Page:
The first thing we can do to understand revolution versus evolution is to turn to the pure definition of these two words. The word evolution˜refers to the gradual development or changes in something over a period.

The word˜revolution˜means ‘a turnaround’— a sudden, complete, or radical change in something. ˜This actually fits with other definitions of revolution ˜as not only a “fundamental” change, but also occurring in a “staggeringly” short period.

However, just for the sake of argument, if we were to focus just on the time factor to distinguish the two, it could get even murkier.

Mechanically, if you will, we refer to a revolution as one turn of an operation. The piston of a car engine can work at as much as 5,000 revolutions per minute.

Naturally, the earth revolves on its access every 24 hours. A rotation of the earth around the sun takes a year. We can also reference the natural process of the evaporation of water and the clouds release of that water as rain, which, for a single drop of water, can take anywhere from nine days to 3,000 years.

Obviously, what we are missing here is “change.” With these examples, we are talking about cycles, ones that repeat, but do not change.

When we talk of revolution in the context of change, we most commonly think of the changes in the ideological or political environment of governments, usually precipitated by very divisive conflict. While these conflicts can take years to resolve, they are more often than not very decisive as well.

Evolution can provide for the same decisive change, but usually not synonymous with the bloodshed and sacrifice thought of with revolution. Technology is a good example. Some would argue the timeframe or the rise of technology, such as the computer, has been, and is, significant, but technology has been evolving since the advent of the computer. Granted, there was a great deal of progress in between, but it took us quite some time to go from the discovery of the electron to computers that fit in the palm of our hands, all with comparatively less loss of life than the revolutions described earlier.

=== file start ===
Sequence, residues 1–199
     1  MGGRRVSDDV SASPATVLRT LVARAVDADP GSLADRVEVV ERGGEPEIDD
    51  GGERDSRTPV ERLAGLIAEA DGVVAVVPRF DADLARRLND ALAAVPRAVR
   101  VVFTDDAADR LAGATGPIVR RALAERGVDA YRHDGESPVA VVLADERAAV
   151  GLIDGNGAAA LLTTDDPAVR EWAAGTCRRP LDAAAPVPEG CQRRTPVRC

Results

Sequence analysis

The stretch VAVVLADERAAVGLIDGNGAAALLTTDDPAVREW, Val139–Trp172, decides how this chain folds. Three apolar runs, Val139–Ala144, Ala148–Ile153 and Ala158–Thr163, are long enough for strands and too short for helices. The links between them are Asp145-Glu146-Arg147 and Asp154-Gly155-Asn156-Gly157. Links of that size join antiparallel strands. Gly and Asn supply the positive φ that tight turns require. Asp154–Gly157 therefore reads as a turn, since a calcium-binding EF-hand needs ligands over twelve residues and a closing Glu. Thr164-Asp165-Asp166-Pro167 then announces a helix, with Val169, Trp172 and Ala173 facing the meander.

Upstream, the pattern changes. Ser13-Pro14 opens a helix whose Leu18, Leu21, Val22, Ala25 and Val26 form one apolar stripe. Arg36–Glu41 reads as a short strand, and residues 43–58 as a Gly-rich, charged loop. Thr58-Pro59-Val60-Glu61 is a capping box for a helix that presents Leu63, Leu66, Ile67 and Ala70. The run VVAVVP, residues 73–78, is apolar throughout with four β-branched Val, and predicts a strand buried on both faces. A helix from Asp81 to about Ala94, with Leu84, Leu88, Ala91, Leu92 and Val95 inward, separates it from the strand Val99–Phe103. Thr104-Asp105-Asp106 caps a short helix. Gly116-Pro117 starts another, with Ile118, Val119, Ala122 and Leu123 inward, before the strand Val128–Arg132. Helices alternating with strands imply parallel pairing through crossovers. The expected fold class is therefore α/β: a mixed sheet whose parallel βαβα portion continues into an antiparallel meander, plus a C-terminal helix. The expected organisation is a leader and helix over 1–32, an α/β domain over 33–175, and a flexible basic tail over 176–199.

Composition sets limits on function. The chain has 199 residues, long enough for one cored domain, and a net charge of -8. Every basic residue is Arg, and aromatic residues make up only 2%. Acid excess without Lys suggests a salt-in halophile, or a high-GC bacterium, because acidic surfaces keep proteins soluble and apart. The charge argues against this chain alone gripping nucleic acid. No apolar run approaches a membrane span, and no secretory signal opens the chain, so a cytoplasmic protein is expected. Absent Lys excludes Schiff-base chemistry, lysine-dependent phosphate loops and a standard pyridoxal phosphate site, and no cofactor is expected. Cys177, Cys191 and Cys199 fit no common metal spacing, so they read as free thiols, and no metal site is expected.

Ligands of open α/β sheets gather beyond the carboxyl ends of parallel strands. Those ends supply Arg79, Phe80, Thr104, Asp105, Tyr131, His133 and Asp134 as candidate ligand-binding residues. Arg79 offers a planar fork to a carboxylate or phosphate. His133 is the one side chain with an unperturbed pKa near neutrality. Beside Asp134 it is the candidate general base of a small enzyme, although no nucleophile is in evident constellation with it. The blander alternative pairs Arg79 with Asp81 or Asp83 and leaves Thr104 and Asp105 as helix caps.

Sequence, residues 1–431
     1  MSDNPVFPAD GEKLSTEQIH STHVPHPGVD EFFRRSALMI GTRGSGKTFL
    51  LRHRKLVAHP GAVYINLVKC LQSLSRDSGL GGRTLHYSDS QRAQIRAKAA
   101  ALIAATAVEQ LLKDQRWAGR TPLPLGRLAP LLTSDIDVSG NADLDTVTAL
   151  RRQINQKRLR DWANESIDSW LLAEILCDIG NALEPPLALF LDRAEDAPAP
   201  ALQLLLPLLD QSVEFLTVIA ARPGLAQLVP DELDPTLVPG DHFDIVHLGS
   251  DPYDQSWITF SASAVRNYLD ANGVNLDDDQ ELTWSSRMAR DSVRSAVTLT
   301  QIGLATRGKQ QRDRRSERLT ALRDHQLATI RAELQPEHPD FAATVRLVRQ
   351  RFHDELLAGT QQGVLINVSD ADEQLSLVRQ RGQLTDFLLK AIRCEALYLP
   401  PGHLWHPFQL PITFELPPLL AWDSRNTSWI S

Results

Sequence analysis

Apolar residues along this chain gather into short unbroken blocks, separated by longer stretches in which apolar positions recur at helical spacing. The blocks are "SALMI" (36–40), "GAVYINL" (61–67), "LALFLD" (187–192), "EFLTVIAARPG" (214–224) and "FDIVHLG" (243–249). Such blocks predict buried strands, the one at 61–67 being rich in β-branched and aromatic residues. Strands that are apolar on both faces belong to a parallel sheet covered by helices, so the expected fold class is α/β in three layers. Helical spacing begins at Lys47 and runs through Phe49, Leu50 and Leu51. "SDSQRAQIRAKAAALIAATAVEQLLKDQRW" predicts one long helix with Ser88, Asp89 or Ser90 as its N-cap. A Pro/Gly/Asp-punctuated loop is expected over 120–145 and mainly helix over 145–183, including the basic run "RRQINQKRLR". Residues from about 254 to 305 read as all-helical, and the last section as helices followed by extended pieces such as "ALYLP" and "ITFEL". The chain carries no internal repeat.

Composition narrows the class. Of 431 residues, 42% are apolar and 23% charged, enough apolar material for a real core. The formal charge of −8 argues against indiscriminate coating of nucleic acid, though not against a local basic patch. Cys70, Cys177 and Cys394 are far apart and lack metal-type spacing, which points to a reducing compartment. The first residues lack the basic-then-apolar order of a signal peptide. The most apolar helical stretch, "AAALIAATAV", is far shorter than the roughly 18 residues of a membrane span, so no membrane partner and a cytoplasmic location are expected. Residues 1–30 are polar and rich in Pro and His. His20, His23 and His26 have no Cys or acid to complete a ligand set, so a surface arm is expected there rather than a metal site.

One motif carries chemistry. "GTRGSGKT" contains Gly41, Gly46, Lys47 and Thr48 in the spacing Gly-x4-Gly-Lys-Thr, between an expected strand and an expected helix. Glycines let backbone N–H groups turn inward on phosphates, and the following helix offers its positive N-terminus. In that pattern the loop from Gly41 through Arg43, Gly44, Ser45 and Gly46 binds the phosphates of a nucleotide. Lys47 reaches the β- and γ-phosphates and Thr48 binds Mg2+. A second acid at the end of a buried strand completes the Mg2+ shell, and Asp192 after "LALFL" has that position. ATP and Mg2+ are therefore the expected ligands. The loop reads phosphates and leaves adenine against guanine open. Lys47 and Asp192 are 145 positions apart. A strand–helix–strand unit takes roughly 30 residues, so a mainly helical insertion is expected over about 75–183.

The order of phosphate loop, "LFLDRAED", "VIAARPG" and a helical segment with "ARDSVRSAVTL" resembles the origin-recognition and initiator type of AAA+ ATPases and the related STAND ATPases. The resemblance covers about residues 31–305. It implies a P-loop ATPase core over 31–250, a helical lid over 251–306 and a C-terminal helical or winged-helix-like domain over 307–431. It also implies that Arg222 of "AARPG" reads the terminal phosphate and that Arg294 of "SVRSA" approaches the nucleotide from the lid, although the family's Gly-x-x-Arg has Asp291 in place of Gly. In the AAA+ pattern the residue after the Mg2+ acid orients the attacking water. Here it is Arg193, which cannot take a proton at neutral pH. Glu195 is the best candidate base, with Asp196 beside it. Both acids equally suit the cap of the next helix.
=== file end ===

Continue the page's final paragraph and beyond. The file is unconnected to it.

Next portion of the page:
Which brings me to the term “industrial revolution.” We are now in the midst of what is being called the fourth industrial revolution, Industry 4.0. The idea that it is the fourth, to me, might suggest a cycle. A cycle that is marked by a fundamental change that repeats— more accurately progresses—until another fundamental change begins the next “revolution,” or cycle.

Take, for instance, sensors. Anyone who drives a toll road knows of EZPass or iPass, systems that allow travelers to pay the toll electronically via a sensor in your car. It has been around for years. Until recently, the technology still required vehicles to slow down to trigger the sensor and, as with many technologies, took some time for consumers to adopt and opt-in to the use of the technology, all which did little, at first, to alleviate congestion when entering and exiting these toll roads. Today, high-speed sensors and more drivers utilizing the system, make it unnecessary to even slow down to accomplish “taking the toll.”

So whether you view it as the fourth industrial revolution or evolution, check out “A Pulse on Quality 4.0 for Medical Device Manufacturing,” “Automated Metrology: Manufacturing Trend of the Future,” and everything else we have to offer in this month’s Quality. Enjoy and thanks for reading!

Darryl Seland,

Editorial Director